4147.4.55.001 - Culture and Recreation News, Jul 2003  
Previous ISSUE Released at 11:30 AM (CANBERRA TIME) 05/08/2003   
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The five-yearly Census of Population and Housing provides the finest level of detail available from the ABS about the occupation and industry of each employed person's main job in the week prior to the Census. Using data from the 2001 Census (conducted on 7 August 2001) the NCCRS has produced a publication about people employed in cultural occupations and industries. People who had unpaid involvement in cultural activities, or who worked part-time in cultural activities but who had another job that they regarded as their main job in the week prior to the census, would not be recorded in the census as being in 'cultural' employment.

Of all those employed in Australia in the week prior to the 2001 Census, 259,909 (3.1%) people had their main job in a cultural occupation. By comparison, in 1996, 229,330 (3.0%) persons had their main job in a cultural occupation. Of those employed in a cultural occupation, the largest numbers were Printing tradespersons (27,679) and Graphic designers (21,144). In 2001, 56.1% (145,789) of all persons employed in cultural occupations as their main job were males and 43.9% (114,120) were females. In 1996, the percentage of females employed in cultural occupations (42.8%) was slightly lower.

The total number of persons employed in a cultural industry in their main job in the week prior to the 2001 Census was 299,266 (3.6% of employed persons), compared with 268,826 (3.5% of employed persons) in 1996. The 2001 Census showed that the largest cultural industries, in terms of people employed, were the Newspaper, book and stationery retailing industry (38,016 employed persons), the Architectural services industry (26,723 employed persons), the Advertising services industry (25,794 employed persons) and the Newspaper printing or publishing industry (25,737 employed persons).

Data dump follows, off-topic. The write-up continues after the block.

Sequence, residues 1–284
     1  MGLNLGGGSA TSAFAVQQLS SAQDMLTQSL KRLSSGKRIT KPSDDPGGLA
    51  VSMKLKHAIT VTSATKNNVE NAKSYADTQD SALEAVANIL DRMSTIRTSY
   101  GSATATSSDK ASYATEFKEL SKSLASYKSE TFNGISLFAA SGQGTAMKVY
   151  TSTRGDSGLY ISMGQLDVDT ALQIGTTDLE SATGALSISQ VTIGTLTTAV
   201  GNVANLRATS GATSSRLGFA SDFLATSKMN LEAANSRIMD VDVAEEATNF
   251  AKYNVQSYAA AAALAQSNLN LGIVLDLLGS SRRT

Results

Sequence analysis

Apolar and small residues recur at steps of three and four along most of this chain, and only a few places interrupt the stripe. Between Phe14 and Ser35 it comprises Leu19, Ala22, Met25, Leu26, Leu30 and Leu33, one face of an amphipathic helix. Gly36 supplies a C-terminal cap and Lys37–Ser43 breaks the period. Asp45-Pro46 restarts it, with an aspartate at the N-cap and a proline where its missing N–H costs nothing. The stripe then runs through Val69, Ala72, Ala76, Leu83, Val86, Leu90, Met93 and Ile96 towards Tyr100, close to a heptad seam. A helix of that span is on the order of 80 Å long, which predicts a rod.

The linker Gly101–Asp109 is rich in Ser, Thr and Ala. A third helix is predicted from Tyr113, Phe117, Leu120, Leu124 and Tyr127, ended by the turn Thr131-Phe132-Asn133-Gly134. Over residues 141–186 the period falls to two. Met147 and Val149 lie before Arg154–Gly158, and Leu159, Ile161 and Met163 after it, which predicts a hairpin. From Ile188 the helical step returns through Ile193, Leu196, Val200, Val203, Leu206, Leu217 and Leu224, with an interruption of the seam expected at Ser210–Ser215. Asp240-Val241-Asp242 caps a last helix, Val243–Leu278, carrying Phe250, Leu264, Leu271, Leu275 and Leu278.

People can either work in a cultural occupation in a cultural industry; in a cultural occupation but not in a cultural industry; or in a non-cultural occupation but in a cultural industry. In 2001, over half (51.0% or 132,585 persons) the people who were employed in a cultural occupation worked in a non-cultural industry. A librarian employed in a law firm is an example of a cultural occupation within a non-cultural industry. Of the 299,266 persons employed in a cultural industry, 57.5% (171,942) worked in a non-cultural occupation. A cleaner employed in a museum is an example of a non-cultural occupation within a cultural industry.

Some cultural industries are dominated by people employed in cultural occupations, while for others the percentage in cultural occupations is relatively small. Approximately 85.0% (7,941) of those employed in the Creative arts industry and 79.4% (9,102) of those employed in the Libraries industry worked in a cultural occupation. On the other hand, 16.4% of persons working in the Film and video distribution industry and 15.9% of persons working in the Parks and gardens industry were employed in a cultural occupation.

Main features of Employment in Culture, Australia, 2001 (cat. no. 6273.0) are available free of charge on this site.